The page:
Immaculate director promises Sydney Sweeney horror film gets extreme

Immaculate director promises Sydney Sweeney horror film gets extreme

Michael Mohan, director of the Sydney Sweeny horror film Immaculate, promises that the film gets extreme and will cause extreme reactions

Last month, the Motion Picture Association ratings board announced that they had given the psychological horror film Immaculate, which reunites Sydney Sweeney with Michael Mohan, who directed her in the erotic thriller The Voyeurs and the Netflix series Everything Sucks!, an R rating for strong and bloody violent content, grisly images, nudity and some language. Now, in an interview with Variety, Mohan has promised that the film gets extreme, just like that rating explanation indicated.

Scripted by Andrew Lobel, Immaculate sees Sweeney taking on the role of Cecilia, a woman of devout faith who is offered a fulfilling new role at an illustrious Italian convent. Her warm welcome to the picture-perfect Italian countryside is soon interrupted as it becomes clearer to Cecilia that her new home harbors some dark and horrifying secrets.

Simona Tabasco (The White Lotus), Alvaro Morte (Money Heist), Benedetta Porcaroli (Baby), and Dora Romano (The Hand of God) are also in the cast.

During his Variety interview, Mohan also revealed that this is a project that Sweeney first auditioned for a decade ago. He said, “It’s the first film I’ve directed that I did not write myself. Andrew Lobel wrote this script about 18 years ago, and in the mid-2010s it was about to be made with a studio. Sydney, when she was 15 or 16, auditioned for the lead role. The character wasn’t a nun back then — it was a high schooler — and she was one of the last two people up for the role. Then it just sort of evaporated. Andrew stepped away from the business at that point. He was fed up and went and worked in video games for a while. Years later, Sydney does Euphoria Season 2, and all of her fans are going, ‘You need to do a horror movie.’ She wanted to get into producing too, and so they were reading every single script around town, just trying to find something that resonated. And she said, ‘You know what? The best horror script I ever read was this thing I auditioned for. I wonder if I can resurrect it.’ Imagine you’re Andrew Lobel, you get a phone call, and it’s Sydney Sweeney on the other end, saying, ‘Hey, I auditioned for your script 10 years ago. Do you think I could make it?’ And she did. She sent the script to me, and when I read it… it takes a lot to shock me. When I saw the different reveals that happen in the script, I genuinely didn’t see them coming, and I’m someone who writes movies with lots of twist endings.

Mohan said he drew inspiration from classics like Rosemary’s Baby, Don’t Look Now, and The Exorcist will working on Immaculate, film where, “you feel intimate with the main characters, yet they are cinematic. Even though the stories are told in these elegant and classy ways, they have this sense of danger. In The Exorcist, there are images in that film that movies today have not topped, in terms of how disturbing they are. So that’s what I wanted to do: make the boldest film I possibly could that will, hopefully, stand the test of time and get under your skin. … I think this horror movie is a popcorn movie first and foremost. It’s a roller coaster ride, but the ending is fucking extreme. People are going to walk away having an extreme reaction to it, and that’s all her. She wants to push the envelope, but she wants to do it thoughtfully. I know she loves the movie, and I’m proud of us for not pulling our punches.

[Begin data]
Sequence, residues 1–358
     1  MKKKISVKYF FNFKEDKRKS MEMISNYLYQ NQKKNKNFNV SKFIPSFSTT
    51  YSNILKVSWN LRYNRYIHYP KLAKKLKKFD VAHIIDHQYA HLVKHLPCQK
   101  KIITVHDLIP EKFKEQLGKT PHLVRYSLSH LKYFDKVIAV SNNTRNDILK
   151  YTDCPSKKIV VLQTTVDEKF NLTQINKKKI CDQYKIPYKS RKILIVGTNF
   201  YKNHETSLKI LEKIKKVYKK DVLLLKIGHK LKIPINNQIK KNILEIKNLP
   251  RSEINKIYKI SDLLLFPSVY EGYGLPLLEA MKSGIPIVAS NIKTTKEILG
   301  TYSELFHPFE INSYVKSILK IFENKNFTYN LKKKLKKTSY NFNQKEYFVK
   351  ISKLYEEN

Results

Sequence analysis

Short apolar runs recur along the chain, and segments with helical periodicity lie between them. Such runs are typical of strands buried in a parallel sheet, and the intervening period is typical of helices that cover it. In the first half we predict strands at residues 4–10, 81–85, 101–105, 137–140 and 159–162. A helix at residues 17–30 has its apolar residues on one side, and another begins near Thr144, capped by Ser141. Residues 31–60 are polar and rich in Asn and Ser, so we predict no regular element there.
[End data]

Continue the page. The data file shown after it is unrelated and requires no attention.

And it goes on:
The director also disagreed with the recent study that found that Gen Z is less interested in seeing sex and sensuality depicted onscreen, as he feels, “They’re watching it, they’re just not admitting to watching it.” He also feels that it’s necessary for sex and sensuality to be onscreen, describing it as “a spice that is missing in our current cinematic landscape that we absolutely need.” He added that there was a scene in the Immaculate script where Cecilia and a friend (Porcaroli’s character) have a heart-to-heart conversation, and he chose to have the characters have that talk while in a bathtub, wearing gowns that are “a little bit sheer.” He said, “The fact that it’s sexy is not a bad thing. It is OK to make movies that are sexy. And if that’s something that you’re not into, don’t watch. That’s not the audience I’m going for.

Sweeney produced the film through her company Fifty-Fifty Films, alongside Jonathan Davino. Also producing are Teddy Schwarzman and Michael Heimler of Black Bear and Middle Child Pictures’ David Bernad, who developed the project with Sweeney after they worked together on the Emmy-winning series The White Lotus. Will Greenfield and Black Bear’s John Friedberg and Christopher Casanova serve as executive producers. Black Bear provided the financing.

Immaculate is set to reach theatres on March 22nd. Will you be catching this one on the big screen? Let us know by leaving a comment below.

Immaculate Sydney Sweeney

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